By Natalie Backora
Edited by Gini Collins
There are plenty of examples showing how family businesses can be successful, including becoming a Fortune 500 company. Sam Walton opened Walmart in 1962 and it is still 50% controlled by the family. Ford is 115 years old, run by fourth and fifth generation contributors controlling 40% of the voting power. Estée Lauder was founded in 1946 and has five active family members with 23% voting power.
While these Fortune 500 company examples suggest that family and business can successfully co-mingle, mixing family and business does require additional work and insight. One study sites employee selection and management as top priorities for family business success. Specifically, Stoilkovska (2011) suggested assessing skills and abilities to determine what people (family and non-family) should be considered to work in the business and in what role. This is true for any business, but is an insight often overlooked when the emotional aspect of family relationships comes into the picture.
SOLVE consultants are not just I/O Psychologists dedicated to optimizing business and talent, but many also grew up and worked in a family business environment. Collectively, this group has over 20 years of experience with personal entrepreneurial ventures and family-owned businesses spanning nine industries, some of which include third and fourth generations. Here, we share some experiences and shed some light on insights and lessons learned throughout the years as products of the tricky, yet rewarding, world of family businesses.
Insight #1: Not every family member is a fit.
This is especially true when succession planning. Appointing family members solely because of a last name or bloodline could pose problems later. Failing to see family related problems or choosing to ignore them could lead to employee turnover, productivity problems and decreased revenue. It’s important to separate your business hat from your family hat, making sure to establish the boundary between the love of family and the success of the company. Remember that putting a family member into a role where they are not successful is not a gift, a favor or a helping hand …. just the opposite! Nor will it be a secret; everyone will know they are not the right fit! That’s not what you want for anyone, let alone a family member you love.
Insight #2: Expect the unexpected.
There needs to be a strategy for both planned and unplanned circumstances to ensure a smooth transition, should the time arise. What’s the vision for the company and who can help achieve it? A strategic plan helps companies identify their purpose, discover future opportunities and trends, anticipate problems and make better business decisions overall. You can only get so far without thinking ahead, especially in today’s fast-paced world.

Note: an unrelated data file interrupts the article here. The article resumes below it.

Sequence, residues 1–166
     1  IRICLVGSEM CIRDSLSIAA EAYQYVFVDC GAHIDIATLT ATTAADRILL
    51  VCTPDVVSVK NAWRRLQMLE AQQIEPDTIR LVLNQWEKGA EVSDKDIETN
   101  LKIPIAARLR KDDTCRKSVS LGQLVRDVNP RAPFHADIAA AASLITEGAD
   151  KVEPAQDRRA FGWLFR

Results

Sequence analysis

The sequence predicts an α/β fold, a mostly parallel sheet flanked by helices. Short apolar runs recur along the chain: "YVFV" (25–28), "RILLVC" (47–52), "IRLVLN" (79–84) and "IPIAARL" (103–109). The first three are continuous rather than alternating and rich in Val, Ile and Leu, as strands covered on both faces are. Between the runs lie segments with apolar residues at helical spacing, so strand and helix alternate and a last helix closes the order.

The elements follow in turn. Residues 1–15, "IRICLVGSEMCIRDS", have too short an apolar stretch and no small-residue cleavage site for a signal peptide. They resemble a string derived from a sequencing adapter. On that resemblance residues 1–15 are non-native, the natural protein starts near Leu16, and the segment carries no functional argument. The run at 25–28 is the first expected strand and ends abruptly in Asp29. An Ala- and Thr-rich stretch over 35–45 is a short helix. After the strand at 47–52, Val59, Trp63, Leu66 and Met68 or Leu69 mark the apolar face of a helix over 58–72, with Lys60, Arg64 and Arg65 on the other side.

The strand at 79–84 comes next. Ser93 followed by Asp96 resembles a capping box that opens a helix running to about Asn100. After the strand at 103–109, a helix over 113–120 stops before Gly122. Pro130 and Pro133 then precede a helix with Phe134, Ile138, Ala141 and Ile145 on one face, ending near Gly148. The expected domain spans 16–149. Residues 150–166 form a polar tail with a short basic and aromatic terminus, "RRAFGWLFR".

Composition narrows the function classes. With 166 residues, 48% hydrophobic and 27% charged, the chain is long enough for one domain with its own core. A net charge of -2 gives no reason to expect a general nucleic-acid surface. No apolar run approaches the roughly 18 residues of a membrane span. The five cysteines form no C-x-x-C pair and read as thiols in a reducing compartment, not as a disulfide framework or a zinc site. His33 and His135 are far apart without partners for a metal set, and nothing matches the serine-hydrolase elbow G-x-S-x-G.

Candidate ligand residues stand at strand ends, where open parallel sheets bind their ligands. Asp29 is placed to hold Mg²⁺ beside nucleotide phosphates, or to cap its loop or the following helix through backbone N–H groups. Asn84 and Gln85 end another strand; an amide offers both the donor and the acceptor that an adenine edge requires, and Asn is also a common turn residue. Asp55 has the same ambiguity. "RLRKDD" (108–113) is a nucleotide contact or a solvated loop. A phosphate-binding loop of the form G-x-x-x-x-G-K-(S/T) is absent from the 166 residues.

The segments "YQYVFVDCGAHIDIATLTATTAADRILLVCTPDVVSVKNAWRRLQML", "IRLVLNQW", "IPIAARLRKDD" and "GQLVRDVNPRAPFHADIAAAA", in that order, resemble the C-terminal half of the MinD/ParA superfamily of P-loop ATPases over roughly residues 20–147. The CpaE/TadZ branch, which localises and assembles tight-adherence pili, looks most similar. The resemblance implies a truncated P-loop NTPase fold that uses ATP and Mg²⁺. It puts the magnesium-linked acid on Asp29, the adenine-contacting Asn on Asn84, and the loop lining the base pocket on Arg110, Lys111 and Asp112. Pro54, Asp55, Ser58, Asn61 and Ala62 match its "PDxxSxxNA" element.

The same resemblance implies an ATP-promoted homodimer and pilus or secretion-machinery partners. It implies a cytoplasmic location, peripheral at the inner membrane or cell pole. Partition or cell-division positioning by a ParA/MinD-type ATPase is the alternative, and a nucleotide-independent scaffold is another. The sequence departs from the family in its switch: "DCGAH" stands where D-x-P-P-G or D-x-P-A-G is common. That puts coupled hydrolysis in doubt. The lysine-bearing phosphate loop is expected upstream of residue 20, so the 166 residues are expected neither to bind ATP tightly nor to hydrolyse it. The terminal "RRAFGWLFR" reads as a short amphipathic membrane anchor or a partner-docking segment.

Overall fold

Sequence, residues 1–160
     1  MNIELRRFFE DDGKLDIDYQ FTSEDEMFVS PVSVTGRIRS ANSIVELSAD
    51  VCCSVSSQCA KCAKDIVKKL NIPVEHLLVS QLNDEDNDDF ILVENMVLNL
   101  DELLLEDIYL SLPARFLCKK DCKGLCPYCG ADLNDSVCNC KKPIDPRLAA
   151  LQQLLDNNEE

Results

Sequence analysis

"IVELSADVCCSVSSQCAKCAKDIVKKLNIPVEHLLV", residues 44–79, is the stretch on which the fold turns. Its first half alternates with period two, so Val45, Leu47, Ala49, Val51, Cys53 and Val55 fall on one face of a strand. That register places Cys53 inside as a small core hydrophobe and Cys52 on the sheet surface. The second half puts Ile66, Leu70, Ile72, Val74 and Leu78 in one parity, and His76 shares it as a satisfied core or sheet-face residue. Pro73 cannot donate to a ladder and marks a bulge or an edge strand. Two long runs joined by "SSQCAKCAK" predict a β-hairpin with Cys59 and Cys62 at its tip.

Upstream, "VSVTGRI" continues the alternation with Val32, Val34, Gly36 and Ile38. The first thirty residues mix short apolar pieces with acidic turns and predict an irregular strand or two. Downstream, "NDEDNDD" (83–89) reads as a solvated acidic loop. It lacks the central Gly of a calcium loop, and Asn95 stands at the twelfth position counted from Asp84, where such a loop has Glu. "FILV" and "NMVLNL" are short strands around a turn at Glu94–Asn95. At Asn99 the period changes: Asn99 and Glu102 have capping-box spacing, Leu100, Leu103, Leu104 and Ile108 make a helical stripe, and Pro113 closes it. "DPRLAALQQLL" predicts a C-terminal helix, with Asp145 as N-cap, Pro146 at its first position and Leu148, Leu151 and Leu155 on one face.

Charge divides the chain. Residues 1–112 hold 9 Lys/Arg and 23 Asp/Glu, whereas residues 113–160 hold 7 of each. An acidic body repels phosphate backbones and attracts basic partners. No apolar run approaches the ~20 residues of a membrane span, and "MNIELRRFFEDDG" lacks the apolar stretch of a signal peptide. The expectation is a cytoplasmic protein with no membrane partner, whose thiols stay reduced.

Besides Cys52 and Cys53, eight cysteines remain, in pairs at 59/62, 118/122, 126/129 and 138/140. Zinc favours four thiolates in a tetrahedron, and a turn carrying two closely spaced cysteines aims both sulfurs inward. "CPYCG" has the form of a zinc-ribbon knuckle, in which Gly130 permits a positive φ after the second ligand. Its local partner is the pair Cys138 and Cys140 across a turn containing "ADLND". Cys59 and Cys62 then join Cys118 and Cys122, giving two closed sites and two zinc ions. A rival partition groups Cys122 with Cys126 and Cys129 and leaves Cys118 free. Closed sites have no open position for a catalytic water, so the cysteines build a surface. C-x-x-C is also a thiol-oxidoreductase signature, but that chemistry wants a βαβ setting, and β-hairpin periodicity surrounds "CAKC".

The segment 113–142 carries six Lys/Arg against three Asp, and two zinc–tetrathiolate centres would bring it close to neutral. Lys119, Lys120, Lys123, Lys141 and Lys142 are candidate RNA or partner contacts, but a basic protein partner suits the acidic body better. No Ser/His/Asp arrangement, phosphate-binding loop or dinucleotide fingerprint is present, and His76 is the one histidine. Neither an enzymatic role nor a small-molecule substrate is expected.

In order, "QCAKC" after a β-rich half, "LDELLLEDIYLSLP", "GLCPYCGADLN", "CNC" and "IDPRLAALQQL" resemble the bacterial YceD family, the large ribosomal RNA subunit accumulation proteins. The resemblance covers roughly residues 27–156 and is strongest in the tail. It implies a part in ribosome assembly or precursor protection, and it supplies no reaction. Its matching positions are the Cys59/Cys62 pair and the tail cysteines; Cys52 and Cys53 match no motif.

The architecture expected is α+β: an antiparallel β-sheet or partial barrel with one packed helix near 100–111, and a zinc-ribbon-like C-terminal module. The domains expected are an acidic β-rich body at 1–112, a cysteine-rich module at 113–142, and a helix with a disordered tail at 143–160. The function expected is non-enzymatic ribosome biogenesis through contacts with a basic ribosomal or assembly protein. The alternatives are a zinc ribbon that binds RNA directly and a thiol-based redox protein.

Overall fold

Insight #3: Culture and customers should be top priorities.
Transitions in family businesses are primarily about the people, their motivations, their passions and their goals. Though a family business may have very well-established goals and operational protocol, change can be a good thing in keeping with the times and evolving with customers and culture instead of fighting against it. Helping to reveal and create alignment from generation to generation helps in the translation of a business over time so they can continue to play a relevant part in the fabric of a community.
Insight #4: Family matters but respect the hierarchy.
When people are really close as a family but haven’t established professional boundaries, it can be difficult to work together. Not everyone is the boss, nor should they be. It’s best to have clear, explicit roles for all involved so the business hierarchy can be followed. Also, receiving critical feedback from family can be more difficult than receiving it from non-family, so it’s important to establish professional norms and expectations that help the business succeed.
Insight #5: Don’t let emotions dictate direction.
Founders typically have a ton of passion for the business, which is a good thing! However, the emotional tie to the business can sometimes make it difficult to make objective business decisions. Rather, maintain awareness as to what’s happening and try not to let emotions dictate decisions, especially when family is involved. Consider hiring an executive coach with family business experience who can help listen and provide honest, thought-provoking and evidence-based feedback to help weigh decisions that impact family members in or out of the business.
Do any of these family business insights and “life lessons” strike a chord with you? Our strategists at SOLVE have been there and can help. Contact us to see how we can coach and guide you toward successfully managing your family business ventures. And this time, you don’t need mom’s permission.
Stoilkovska, A. (2011). The challenges of a family business. UTMS Journal of Economics, 2(2), 181-187.